Whitehorse Daily Star

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CELEBRATION OF LIFE PLANNED – Family members, friends and colleagues of Ric Janowicz will gather June 21 to celebrate the life of the veteran hydrologist, seen here at a media briefing May 8 in Whitehorse.

Yukon loses respected flood forecaster

The territory lost a veteran hydrologist and a trusted source for flood predictions last month.

By Palak Mangat on June 12, 2018

The territory lost a veteran hydrologist and a trusted source for flood predictions last month.

Ric Janowicz, a senior hydrologist with Environment Yukon, died May 23 at the age of 65.

Heather Jirousek is the director of the government’s water resource branch. She told the Star Monday afternoon Janowicz will be remembered as the territory’s go-to flood forecaster, particularly for flood-prone areas.

“He was a regular in Old Crow and Dawson during May for each community,” she said. She noted his frequent trips flying over the areas to keep a closer eye on flood possibilities.

Jirousek worked with Janowicz for just under two decades, and was able to join him last spring on one of his fly-outs.

She said many admired him for the work he did, especially for his community approach.

“He prompted and contributed to the development of hydrological models suited for the North, to better understand ice breakup and the impact on communities,” she said.

The Wolf Creek basin was also a significant part of his legacy.

During his 30-plus years with the government, Janowicz co-founded the Wolf Creek research basin, a research site given special attention last year during its 25th anniversary.

Recognized by the United Nations University Institute for Water, Environment and Health, the site began as a research project in 1992 that focused on water research.

Today, it has grown to include research on vegetation, wildlife, fisheries, forestry and climate change.

Hydrology research continues on the basin, supported by the branch. Jirousek said the person taking over for Janowicz will have big shoes to fill.

“We’ve only had one, and he’s been it,” she said, noting Janowicz was the territory’s lone forecaster.

She shared a tribute document by Robert Sandford of UN University, a fellow contributor and research colleague of Janowicz.

Sandford wrote that the basin “achieved international; profile” and allowed for the “first comprehensive large-scale assessment and synthesis of cold region atmospheric and hydrologic processes in northern Canada.”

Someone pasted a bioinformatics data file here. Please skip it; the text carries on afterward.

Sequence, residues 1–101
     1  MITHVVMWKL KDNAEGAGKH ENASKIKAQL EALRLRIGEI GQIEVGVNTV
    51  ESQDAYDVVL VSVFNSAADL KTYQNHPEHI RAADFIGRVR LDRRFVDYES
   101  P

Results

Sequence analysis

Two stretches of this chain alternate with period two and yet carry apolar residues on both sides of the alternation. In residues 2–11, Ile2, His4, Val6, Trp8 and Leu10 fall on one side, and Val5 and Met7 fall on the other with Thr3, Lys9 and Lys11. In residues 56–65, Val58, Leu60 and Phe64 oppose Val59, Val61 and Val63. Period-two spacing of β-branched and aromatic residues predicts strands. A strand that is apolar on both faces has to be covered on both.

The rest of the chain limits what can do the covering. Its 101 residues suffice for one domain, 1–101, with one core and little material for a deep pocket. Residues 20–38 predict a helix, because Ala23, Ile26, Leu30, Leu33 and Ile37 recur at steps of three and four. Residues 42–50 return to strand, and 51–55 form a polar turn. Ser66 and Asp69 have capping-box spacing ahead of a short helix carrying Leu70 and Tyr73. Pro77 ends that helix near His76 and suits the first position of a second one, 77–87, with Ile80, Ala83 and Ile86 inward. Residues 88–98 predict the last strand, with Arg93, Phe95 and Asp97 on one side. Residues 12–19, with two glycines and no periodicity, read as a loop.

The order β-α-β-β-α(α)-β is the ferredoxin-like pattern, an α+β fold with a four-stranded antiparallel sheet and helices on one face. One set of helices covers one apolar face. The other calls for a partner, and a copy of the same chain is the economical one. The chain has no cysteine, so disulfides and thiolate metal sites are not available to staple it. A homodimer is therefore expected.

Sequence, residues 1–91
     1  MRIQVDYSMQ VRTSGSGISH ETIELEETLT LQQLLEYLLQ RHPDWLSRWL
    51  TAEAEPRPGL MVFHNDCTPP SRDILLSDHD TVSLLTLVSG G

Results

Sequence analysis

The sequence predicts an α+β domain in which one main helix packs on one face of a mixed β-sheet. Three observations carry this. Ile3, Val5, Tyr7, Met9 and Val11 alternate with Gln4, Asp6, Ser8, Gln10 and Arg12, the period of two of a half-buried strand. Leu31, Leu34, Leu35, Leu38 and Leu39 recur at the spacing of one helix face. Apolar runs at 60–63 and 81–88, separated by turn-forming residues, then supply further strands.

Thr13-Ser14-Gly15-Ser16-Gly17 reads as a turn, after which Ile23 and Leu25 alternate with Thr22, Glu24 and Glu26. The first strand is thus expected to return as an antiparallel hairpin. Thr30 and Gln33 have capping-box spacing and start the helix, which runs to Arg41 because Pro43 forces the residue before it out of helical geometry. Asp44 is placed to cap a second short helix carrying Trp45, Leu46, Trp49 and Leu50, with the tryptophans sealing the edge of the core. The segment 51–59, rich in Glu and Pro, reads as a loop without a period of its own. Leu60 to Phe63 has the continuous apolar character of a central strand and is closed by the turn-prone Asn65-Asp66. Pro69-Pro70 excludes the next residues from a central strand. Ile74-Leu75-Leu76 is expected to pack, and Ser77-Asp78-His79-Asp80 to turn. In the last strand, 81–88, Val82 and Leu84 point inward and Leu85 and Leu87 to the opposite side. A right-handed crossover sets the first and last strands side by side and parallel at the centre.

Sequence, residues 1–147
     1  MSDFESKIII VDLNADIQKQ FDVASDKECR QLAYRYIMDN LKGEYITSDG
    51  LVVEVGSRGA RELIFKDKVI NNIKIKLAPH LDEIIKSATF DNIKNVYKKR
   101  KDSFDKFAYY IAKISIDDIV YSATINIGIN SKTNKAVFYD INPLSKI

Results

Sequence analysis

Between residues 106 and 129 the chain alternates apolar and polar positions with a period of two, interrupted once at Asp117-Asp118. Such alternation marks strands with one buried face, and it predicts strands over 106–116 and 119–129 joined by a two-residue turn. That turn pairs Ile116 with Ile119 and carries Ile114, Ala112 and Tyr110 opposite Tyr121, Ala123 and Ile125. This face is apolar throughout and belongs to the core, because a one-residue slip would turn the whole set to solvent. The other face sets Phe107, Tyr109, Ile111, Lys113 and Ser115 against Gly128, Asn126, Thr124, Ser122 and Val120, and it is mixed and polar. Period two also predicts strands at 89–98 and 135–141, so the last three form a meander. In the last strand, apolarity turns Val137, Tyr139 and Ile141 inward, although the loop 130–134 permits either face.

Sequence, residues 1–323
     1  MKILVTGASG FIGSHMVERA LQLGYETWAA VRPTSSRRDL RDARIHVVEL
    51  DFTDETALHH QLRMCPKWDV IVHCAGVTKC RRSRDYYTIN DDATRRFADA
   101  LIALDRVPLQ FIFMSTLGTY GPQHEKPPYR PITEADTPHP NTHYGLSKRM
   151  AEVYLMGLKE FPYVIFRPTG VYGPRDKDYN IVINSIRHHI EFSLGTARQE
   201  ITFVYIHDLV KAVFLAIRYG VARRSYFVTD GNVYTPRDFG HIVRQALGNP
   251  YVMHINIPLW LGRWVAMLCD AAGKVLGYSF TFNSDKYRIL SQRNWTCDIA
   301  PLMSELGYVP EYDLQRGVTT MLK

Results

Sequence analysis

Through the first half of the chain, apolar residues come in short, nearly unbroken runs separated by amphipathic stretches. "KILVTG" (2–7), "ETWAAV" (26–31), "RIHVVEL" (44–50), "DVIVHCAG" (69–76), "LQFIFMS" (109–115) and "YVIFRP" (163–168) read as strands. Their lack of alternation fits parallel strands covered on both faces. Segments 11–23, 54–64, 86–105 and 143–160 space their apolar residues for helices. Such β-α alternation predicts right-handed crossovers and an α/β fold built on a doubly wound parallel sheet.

The late hydrologist was also ahead of his time in his field of research, Sandford continued.

“Janowicz knew 25 years ago that though the Yukon was remote, if carefully monitored and integrated into large data sets, the hydro-climactic changes that were observed there would be relevant to the rest of Canada and the world,” he added.

He enjoyed giving back to the community, especially by mentoring students like Sean Carey, who has since gone on to become a respected climate scientist.

Janowicz was also a tireless advocate for Yukon-based research, recognizing that it faced particular challenges distinct from the country’s more southern areas.

“At the time it was established, it was recognized that climate models used in southern Canada didn’t work in the North,” Sandford wrote of the basin.

This was especially important, as it led to studying intergenerational impacts of floods on communities, as well as industries like the mining and electrical sectors.

On a personal note, Jirousek added that Janowicz will be remembered for his sense of humour and dedication to his field.

“Research at Wolf Creek illustrated the tenacity of science and scientists, with Rick being one of the ongoing champions,” she reflected, adding that many people knew him as a familiar voice on the radio predicting floods.

Stanford added that “no one, even in Yukon, was more hospitable or had a better sense of humour” than him.

“In this regard, Janowicz was a true Yukoner in the most positive sense.”

After decades on the job, Jirousek noted that he remained steadfast on continuing his work.

“He could’ve retired years ago but he was doing it because he loved it,” said Jirousek.

“And he never grew tired of it.”

A celebration of his life is planned for June 21, with details to be published in the Star later this week.

Comments (4)

Up 2 Down 0

Groucho d'North on Jun 16, 2018 at 12:21 pm

Thanks for your many years of service Ric, may you rest in peace.

Up 5 Down 1

drum on Jun 12, 2018 at 8:23 pm

I worked with him in Dept. of Indian Affairs and Northern Development for many years. Great Guy.

Up 4 Down 0

Michael Templeton on Jun 12, 2018 at 3:14 pm

Shocking - I worked with Ric for many years - a wealth of knowledge and advice.

Up 4 Down 0

Sandy Jamesen on Jun 12, 2018 at 3:12 pm

Prayers to the family

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